Current Reading List (With Notes)
by T. Hodler
Thursday, June 8, 2006
In alphabetical order:
Apocalypse Nerd #3, by Peter Bagge
I know a lot of people have been disappointed with this series, but I’m really liking it. Definitely an improvement over his last effort, Sweatshop (though I liked that, too). The first issue was a little lackluster, but that was mostly scene-setting, and so can perhaps be forgiven. With this issue, Bagge seems to have really hit his stride, and it’s interesting to see a cartoonist who’s mostly dealt with kind of “slice-of-life” social satire (for lack of a better term) change gears and deal with a more fantastic premise. If you don’t like Bagge in general, you probably won’t like this, but if you do, and gave up early, this is worth giving another chance.
The Comics Before 1945, by Brian Walker
I started reading this mostly out of a sense of obligation (what with having to find things to talk about for this blog and all), but have ended up enjoying myself a lot more than I anticipated. I’ve only gotten through the “Turn of the Century” section so far, but this is a really nice anthology and history. Even Outcault clicked with me this time, which has never happened before. After I finish this, it’s back to the Blackbeard books.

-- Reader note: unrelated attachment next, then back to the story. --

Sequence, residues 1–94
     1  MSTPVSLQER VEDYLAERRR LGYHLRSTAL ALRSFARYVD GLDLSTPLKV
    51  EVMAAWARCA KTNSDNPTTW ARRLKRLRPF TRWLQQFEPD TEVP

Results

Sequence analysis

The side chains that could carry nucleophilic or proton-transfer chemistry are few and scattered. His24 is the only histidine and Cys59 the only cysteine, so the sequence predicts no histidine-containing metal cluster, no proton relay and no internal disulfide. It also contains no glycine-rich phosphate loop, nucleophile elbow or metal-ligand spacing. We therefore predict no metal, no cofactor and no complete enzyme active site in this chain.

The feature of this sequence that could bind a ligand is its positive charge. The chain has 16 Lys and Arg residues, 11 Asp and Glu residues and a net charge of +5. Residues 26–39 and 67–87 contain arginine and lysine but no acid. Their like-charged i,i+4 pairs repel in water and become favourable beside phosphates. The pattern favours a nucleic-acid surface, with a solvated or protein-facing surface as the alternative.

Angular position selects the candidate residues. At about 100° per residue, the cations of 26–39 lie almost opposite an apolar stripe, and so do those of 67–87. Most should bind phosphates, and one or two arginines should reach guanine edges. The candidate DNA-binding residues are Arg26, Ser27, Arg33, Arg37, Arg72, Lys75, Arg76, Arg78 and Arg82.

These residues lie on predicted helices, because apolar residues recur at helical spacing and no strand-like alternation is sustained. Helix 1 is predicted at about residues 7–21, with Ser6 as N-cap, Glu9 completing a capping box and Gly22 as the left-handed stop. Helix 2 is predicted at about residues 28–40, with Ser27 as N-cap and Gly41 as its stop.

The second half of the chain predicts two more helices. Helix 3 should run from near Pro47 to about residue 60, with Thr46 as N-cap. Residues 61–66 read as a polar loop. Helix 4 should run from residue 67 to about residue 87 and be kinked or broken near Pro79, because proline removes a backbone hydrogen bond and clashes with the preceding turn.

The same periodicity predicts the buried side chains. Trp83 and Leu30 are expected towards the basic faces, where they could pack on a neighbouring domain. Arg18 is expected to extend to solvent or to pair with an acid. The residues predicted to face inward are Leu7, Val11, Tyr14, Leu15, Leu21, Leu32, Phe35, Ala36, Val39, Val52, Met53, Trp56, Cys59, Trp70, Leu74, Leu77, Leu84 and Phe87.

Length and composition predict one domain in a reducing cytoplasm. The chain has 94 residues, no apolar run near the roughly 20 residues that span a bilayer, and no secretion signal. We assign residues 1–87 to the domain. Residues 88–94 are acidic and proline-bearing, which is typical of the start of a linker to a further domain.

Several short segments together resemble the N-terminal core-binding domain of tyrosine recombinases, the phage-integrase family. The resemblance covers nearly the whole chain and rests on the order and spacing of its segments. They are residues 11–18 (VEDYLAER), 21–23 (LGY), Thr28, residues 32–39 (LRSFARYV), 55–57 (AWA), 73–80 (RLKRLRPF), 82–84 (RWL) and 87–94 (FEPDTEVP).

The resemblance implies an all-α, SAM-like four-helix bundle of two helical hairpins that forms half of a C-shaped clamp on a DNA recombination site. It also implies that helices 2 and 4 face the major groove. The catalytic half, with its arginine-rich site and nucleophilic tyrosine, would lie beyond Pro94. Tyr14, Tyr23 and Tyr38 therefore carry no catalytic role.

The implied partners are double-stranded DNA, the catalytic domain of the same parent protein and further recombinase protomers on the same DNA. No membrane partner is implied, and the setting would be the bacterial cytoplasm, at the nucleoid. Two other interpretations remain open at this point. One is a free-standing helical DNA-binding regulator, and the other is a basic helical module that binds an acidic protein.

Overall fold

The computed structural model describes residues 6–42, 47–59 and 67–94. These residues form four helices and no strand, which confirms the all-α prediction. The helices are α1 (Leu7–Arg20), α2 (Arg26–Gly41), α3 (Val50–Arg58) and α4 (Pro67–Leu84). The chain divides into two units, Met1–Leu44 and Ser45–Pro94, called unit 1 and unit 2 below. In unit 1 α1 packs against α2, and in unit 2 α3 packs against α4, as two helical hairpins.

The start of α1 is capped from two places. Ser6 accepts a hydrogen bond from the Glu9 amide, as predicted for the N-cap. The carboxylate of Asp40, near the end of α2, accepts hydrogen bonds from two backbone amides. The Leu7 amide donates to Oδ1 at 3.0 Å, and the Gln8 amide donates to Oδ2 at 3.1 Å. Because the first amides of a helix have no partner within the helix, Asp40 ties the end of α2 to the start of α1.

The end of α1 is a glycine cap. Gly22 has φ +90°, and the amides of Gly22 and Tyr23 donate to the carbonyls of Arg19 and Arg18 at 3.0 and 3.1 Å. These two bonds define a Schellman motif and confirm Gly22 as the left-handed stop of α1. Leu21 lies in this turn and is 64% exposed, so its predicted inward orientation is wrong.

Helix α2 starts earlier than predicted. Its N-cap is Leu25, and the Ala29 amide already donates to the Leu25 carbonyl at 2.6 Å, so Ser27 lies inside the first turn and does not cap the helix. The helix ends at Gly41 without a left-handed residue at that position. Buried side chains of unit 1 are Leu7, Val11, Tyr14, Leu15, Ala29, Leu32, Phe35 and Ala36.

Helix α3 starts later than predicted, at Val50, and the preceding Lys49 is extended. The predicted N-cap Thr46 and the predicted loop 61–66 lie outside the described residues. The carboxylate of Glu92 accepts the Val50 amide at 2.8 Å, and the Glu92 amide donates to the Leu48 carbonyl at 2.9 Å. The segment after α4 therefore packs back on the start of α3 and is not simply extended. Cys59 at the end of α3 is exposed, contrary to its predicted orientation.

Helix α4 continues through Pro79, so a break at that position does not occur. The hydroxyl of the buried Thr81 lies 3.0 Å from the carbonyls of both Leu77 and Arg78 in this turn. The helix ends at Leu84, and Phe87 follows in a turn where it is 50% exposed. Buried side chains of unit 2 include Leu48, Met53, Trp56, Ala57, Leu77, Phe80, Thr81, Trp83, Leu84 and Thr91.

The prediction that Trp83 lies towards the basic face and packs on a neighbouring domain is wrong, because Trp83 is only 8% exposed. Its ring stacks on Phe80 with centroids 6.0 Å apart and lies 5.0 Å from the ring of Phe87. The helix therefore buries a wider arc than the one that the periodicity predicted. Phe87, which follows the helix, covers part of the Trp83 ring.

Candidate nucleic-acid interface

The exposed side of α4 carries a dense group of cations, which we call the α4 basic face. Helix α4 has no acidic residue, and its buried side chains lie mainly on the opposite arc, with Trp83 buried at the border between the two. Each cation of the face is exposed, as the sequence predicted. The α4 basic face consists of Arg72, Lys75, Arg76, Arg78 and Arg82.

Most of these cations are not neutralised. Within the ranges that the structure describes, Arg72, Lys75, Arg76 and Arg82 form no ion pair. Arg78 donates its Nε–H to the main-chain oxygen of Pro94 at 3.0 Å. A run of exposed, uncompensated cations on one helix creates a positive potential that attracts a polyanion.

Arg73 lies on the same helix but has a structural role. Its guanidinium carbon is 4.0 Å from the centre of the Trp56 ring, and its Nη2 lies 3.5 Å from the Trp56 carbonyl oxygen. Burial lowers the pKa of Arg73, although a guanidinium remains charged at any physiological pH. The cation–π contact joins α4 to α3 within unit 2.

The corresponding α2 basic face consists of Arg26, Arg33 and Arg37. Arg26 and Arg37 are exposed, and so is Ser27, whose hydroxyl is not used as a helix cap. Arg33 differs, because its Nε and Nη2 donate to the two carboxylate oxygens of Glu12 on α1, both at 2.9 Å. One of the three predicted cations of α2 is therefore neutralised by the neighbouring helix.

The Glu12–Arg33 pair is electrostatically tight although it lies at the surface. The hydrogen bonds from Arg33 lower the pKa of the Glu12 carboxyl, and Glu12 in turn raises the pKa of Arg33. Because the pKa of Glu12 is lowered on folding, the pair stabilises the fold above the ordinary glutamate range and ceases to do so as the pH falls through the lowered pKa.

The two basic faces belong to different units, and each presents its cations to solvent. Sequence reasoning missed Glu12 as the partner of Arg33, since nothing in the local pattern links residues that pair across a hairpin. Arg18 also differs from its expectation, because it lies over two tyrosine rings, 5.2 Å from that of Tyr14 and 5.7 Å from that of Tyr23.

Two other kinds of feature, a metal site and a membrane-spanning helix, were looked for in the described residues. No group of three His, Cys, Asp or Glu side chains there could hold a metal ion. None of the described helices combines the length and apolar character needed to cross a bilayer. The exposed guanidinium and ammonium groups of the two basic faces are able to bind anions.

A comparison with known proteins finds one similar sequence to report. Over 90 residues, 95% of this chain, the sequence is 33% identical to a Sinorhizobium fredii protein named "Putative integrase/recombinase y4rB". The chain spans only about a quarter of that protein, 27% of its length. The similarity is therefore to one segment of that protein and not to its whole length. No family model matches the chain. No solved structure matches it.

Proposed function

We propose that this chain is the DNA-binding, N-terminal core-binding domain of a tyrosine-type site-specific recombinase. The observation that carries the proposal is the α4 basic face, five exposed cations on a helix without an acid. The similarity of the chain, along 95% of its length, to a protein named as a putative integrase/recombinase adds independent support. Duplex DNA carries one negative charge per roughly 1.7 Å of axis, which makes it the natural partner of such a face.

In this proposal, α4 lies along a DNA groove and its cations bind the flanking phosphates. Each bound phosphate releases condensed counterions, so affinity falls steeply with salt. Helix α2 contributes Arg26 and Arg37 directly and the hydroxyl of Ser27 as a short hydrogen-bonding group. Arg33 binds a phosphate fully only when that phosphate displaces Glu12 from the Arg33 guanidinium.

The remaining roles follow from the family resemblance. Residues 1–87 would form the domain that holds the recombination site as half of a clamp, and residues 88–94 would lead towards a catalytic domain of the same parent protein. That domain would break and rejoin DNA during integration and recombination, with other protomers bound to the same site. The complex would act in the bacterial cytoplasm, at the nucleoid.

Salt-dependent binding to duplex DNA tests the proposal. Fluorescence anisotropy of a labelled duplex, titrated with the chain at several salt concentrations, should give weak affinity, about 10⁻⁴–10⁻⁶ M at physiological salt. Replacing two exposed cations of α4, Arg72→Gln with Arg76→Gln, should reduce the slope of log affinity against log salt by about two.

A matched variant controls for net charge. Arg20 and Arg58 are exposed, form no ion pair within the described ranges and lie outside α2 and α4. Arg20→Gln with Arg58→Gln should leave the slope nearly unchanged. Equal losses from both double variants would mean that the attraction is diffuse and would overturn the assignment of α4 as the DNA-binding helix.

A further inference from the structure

The Great Comic Book Heroes, by Jules Feiffer
I just re-read this actually—it only takes an hour or two. If you don’t know, it’s a very insightful and pointed, if too short, essay on Golden Age superhero comics. Feiffer’s take on Superman was somewhat infamously stolen by Quentin Tarantino for a David Carradine monologue in Kill Bill, Vol. 2. Which is kind of interesting, considering what Feiffer writes about the high prevalence of swiping amongst comic book artists back in the day. (I’d hate to think the practice still goes on.) Probably fodder for a blog entry of its own, even, comparing attitudes about swiping between filmmakers and cartoonists. If I felt a little sharper, I’d write it.
Tintin in America, by Hergé
This, too, I picked up as homework. I’ve read very little Hergé (just a few albums about a decade ago) and decided to try again, starting at the beginning (or at least as close to the beginning as I could get without visiting eBay for out-of-print books). The conventional rap is that Hergé didn’t really get good until a few volumes later, but I found this pretty terrific. Gangsters, cowboys, Indians: all the great American tropes of the 1930s, seen through a slick, Continental style. Somewhat reminiscent of Jacque Tati‘s films, only actually funny, instead of just theoretically so.